Two dimensional (2D) woven, braided, knitted and nonwoven fabrics have been used for the fabrication of soft and rigid structural composite parts in various industrial areas. However, composite structure from biaxial layered fabrics is subject to delamination between layers due to the lack of through-the-thickness fibers. It also suffers from crimp which reduces the mechanical properties. Triaxial fabrics have an open structure and low fiber volume fraction. However, in-plane properties of triaxial fabrics are more homogeneous due to bias yarns. A 3D woven fabric has multiple layers and is free of delamination due to the z-fibers. However, 3D woven fabric has low in-plane properties. Three dimensional braided fabrics have multiple layers and they are without delamination due to intertwine type out-of-plane interlacement. However, they have low transverse properties. A 3D knitted fabric has low fiber volume fraction due to its looped structure. A 3D nonwoven fabric is composed of short fibers and is reinforced by stitching. However, it shows low mechanical properties due to lack of fiber continuity. Various unit cell based models on 3D woven, braided, knitted and nonwoven structures were developed to define the geometrical and mechanical properties of these structures. Most of the unit cell based models include micromechanics and numerical techniques.
Part of the book: Non-woven Fabrics
Textile-reinforced composites are increasingly used in various industries such as aerospace, construction, automotive, medicine, and sports due to their distinctive advantages over traditional materials such as metals and ceramics. Fiber-reinforced composite materials are lightweight, stiff, and strong. They have good fatigue and impact resistance. Their directional and overall properties can be tailored to fulfill specific needs of different end uses by changing constituent material types and fabrication parameters such as fiber volume fraction and fiber architecture. A variety of fiber architectures can be obtained by using two- (2D) and three-dimensional (3D) fabric production techniques such as weaving, knitting, braiding, stitching, and nonwoven methods. Each fiber architecture/textile form results in a specific configuration of mechanical and performance properties of the resulting composites and determines the end-use possibilities and product range. This chapter highlights the constituent materials, fabric formation techniques, production methods, as well as application areas of textile-reinforced composites. Fiber and matrix materials used for the production of composite materials are outlined. Various textile production methods used for the formation of textile preforms are explained. Composite fabrication methods are introduced. Engineering properties of textile composites are reviewed with regard to specific application areas. The latest developments and future challenges for textile-reinforced composites are presented.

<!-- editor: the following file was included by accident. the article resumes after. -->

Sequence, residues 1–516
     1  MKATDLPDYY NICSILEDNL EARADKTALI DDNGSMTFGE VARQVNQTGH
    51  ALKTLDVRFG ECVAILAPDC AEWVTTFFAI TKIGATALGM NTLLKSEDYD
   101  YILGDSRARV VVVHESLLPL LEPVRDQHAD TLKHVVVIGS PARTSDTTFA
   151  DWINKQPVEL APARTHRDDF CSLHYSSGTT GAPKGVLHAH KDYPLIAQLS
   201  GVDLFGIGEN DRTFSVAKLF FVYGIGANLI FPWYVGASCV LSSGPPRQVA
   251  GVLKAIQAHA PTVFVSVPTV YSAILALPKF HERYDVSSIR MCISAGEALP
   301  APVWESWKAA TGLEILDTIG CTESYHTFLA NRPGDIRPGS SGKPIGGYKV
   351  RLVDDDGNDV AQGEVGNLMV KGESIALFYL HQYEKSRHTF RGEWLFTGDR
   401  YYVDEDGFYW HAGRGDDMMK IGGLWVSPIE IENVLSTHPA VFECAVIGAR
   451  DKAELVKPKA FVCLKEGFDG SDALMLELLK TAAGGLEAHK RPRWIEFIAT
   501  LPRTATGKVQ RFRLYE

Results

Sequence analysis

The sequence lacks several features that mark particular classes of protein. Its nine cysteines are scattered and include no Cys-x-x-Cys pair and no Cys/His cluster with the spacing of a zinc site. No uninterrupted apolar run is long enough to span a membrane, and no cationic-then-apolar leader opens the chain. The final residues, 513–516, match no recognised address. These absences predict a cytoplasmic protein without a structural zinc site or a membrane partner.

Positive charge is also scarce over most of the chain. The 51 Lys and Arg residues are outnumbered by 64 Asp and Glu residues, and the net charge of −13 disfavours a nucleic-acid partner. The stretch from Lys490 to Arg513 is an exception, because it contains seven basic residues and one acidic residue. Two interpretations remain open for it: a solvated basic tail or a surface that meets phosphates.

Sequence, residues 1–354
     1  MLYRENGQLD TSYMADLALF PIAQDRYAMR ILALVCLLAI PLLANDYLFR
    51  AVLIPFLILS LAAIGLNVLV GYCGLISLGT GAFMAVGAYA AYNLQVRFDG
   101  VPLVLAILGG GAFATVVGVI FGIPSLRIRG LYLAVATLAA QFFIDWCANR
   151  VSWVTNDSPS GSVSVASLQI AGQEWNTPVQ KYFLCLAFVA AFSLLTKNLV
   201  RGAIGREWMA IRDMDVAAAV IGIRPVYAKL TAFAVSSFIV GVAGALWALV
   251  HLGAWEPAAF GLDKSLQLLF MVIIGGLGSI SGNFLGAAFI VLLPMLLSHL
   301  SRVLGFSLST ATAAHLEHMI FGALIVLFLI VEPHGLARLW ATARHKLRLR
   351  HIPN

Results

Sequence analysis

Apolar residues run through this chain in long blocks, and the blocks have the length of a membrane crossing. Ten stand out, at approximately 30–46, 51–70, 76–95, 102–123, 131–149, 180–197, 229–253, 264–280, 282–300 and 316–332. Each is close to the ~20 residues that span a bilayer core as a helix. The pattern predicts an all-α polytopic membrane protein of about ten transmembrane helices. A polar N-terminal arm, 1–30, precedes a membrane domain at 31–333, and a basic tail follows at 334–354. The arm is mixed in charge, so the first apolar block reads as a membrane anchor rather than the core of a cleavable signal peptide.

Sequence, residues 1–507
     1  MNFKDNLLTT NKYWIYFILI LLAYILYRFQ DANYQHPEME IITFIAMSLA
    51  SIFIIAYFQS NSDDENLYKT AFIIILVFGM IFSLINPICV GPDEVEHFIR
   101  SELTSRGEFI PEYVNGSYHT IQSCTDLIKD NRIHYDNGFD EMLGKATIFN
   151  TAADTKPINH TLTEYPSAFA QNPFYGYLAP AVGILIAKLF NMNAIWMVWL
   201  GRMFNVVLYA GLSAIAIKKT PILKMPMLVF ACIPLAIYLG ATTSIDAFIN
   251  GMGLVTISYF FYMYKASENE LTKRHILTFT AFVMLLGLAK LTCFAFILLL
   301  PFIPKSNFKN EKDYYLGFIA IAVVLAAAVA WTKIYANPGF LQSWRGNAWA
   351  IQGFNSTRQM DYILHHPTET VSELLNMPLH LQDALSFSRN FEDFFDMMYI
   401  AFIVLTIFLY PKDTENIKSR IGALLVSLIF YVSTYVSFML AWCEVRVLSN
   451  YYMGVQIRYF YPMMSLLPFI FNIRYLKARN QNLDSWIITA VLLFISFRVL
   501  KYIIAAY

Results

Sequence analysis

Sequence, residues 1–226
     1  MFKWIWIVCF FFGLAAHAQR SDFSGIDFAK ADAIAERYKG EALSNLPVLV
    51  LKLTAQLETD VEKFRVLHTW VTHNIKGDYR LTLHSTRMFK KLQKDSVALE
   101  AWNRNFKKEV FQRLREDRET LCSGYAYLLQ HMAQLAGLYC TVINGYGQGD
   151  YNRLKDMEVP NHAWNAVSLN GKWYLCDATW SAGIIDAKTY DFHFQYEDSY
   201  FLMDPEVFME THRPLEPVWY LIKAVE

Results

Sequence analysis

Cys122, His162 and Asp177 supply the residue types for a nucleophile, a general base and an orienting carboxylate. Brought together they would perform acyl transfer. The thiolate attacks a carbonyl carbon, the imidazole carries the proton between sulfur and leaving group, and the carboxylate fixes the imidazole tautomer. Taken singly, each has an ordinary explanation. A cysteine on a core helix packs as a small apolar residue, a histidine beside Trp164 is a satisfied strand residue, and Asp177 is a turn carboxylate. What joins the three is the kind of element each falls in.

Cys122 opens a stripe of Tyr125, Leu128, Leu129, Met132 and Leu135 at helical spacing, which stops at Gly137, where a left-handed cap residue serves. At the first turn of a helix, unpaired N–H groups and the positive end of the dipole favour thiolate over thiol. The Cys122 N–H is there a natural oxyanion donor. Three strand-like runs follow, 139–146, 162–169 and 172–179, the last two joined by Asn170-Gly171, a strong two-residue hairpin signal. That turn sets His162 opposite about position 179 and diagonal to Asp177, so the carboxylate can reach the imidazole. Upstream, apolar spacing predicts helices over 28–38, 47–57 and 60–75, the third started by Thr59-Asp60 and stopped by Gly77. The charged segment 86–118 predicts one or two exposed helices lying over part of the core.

Part of the book: Textiles for Advanced Applications
Natural fiber–reinforced biocomposites are increasingly used in various industries such as automotive, construction, biomedical, and recreation, thanks to their distinctive advantages over traditional glass fiber–reinforced plastics. Natural fiber composites are sustainable, environmentally friendly, low cost, low density, and easy to process as well as have high mechanical properties. The quality of fiber-matrix interface is of critical importance since it determines the load distribution capability of the material. The interface between natural fibers and polymer resins has always been problematic because of the low compatibility between cellulose-based hydrophilic natural fibers and hydrophobic polymer resins, which leads to poor fiber-matrix adhesion and therefore inefficient load distribution between fibers and matrix. To date, several interfacial modification methods have been implemented to address this issue and improve the properties of the resulting composites. This chapter focuses on the interfacial modification of hemp fiber–based composites. First, hemp fiber structure and the nature of fiber-matrix interface were explained. Mechanisms of fiber/matrix adhesion as well as qualitative and quantitative methods for the determination of interface strength were outlined. Finally, the interface modification methods for hemp fiber–reinforced biocomposites were presented in the light of scientific literature.
Part of the book: Natural and Artificial Fiber-Reinforced Composites as Renewable Sources